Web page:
Are exam essays marked more leniently than coursework essays?Watch
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With an exam essay, we look very much more for solid basics. Firstly, has the essay answered the question? It's surprisingly easy to get that entirely wrong. If you've revised a topic in detail but it doesn't come up in the paper, there's a terrible temptation to shoehorn your knowledge into a question which might be vaguely related. I had one example this year. If it had been a question about the topic the student wrote about, it would have scored very highly. Sadly it was a shoehorn job and it just about scraped a pass, simply because the actual question was just touched on. This does happen with coursework, but it's easier to avoid as you have more time to think about it.
Secondly, how well has the answer addressed the question? For example, if the question asks for named examples to illustrate your answer, then you need to get as many correct ones in there as possible. In a coursework essay, you'd probably use fewer and explain them more fully, but in an exam you don't have the luxury of time. Another example would be a question which asks you to "discuss". The temptation in the limited time of an exam is to brain-dump lists of facts, but to answer the question, you need to put together an argument or present different perspectives based on them. The facts would get marks, but the missing discussion would result in a much greater deduction - possibly a fail.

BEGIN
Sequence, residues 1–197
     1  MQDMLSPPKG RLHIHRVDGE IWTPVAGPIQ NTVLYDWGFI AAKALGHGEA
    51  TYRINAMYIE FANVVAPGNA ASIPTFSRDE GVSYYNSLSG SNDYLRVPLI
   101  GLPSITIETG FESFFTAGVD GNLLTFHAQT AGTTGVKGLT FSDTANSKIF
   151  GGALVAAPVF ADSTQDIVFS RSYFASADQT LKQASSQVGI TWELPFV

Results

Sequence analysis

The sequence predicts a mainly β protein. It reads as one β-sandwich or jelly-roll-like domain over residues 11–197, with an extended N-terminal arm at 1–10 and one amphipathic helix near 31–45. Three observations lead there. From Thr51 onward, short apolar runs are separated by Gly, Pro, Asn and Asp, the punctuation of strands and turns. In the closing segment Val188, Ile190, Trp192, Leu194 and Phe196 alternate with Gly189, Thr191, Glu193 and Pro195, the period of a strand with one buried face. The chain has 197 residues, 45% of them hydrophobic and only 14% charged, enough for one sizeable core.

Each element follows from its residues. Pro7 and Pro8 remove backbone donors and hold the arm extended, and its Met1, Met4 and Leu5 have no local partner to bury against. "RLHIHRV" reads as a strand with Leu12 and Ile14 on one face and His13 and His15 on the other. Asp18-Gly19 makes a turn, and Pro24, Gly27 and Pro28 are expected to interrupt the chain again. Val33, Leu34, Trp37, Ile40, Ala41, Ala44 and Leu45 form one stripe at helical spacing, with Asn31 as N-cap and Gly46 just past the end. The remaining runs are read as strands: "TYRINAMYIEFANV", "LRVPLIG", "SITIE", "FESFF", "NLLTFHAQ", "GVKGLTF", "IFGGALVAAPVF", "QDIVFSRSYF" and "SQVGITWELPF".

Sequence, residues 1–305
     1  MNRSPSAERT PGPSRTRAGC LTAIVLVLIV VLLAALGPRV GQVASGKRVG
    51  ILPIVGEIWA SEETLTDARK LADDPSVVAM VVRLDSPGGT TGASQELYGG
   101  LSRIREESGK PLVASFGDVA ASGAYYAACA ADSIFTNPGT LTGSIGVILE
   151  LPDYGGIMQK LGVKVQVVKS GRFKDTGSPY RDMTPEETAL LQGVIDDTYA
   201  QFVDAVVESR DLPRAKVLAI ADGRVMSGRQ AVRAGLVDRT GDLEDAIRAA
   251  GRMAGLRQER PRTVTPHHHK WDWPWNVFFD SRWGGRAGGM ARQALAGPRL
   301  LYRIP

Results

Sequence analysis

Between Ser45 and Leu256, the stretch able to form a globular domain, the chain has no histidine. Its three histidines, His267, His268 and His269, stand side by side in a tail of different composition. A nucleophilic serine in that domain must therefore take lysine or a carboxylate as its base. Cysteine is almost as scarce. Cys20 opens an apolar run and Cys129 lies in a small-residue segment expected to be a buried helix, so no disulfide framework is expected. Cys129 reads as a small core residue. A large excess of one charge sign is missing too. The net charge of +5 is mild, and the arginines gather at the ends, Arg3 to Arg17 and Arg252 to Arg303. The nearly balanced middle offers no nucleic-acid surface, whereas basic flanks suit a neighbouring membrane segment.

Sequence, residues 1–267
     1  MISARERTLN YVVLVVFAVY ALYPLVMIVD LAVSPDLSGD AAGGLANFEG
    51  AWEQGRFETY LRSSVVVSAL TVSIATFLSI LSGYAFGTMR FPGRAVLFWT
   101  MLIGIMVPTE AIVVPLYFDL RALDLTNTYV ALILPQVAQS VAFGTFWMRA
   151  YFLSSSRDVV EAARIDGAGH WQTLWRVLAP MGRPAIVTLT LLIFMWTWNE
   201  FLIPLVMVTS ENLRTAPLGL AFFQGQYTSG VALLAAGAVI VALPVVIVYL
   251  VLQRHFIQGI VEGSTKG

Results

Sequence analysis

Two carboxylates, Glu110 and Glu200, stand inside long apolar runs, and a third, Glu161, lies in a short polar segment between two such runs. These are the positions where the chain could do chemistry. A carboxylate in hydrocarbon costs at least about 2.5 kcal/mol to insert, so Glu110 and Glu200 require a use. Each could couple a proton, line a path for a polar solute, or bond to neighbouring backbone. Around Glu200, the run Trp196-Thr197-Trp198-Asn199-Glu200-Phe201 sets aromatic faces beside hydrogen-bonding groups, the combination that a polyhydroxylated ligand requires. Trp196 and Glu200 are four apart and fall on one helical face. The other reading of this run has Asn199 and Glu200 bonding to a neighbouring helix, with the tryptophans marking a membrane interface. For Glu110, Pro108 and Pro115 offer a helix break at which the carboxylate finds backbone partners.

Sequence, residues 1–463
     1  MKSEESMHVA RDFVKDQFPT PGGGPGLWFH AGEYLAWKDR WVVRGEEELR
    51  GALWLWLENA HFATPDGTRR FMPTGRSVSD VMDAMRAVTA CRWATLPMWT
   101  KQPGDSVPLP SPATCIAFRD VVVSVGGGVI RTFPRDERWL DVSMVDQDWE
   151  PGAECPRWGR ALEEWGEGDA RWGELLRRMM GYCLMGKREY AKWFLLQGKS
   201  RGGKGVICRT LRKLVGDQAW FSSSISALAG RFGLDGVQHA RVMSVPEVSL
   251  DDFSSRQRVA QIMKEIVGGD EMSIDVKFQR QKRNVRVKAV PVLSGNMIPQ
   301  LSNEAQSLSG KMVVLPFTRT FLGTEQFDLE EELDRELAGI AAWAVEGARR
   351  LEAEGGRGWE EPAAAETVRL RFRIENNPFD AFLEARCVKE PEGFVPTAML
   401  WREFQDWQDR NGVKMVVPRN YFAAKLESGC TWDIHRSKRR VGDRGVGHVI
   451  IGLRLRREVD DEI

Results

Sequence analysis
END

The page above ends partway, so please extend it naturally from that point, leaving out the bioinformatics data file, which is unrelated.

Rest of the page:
Some people can reference in an essay - I stand in awe of them as I never could. Unless your subject specifically demands it (e.g. Law generally requires sources), then in many/most marking schemes, referencing isn't expected for exams where it would be mandatory for coursework. If people do use correct references in an exam where I am, then they will get extra marks. However if others don't use references, they won't have marks deducted.
Coursework tests your abilities to research and use the information you find. Exam essays are testing what you can remember and how well you can use it under pressure. Personally, I was always great at coursework and pretty average at exams, because my memory is a bit rubbish. Other people have the opposite skillset. Having combined assessment techniques gives as many people as possible, a fighting chance of a decent overall mark for a unit.
It's possible that a 60% coursework essay would be marked more highly if turned in exactly in the same format for the same question in an exam. However, the likelihood of being able to turn in a coursework-length and quality essay in the limited time of a 1-3 hour exam, is going to be minimal for most people. Exam marking schemes will take this into account.
There is no such thing as an in between. If you submitted an exam question as a cw essay you'd barely get a pass purely on the referencing.
As for how a cw essay would translate, it obviously depends on the quality of that essay. But I'd reckon a 60 would get a first.
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The fundamental criterion in an exam essay is can you show understanding of the question in your answer using examples and evidence.
Coursework essays have broader criteria, and understanding is still very important but we will also look for much more extensive research, a well defined structure, good writing style etc.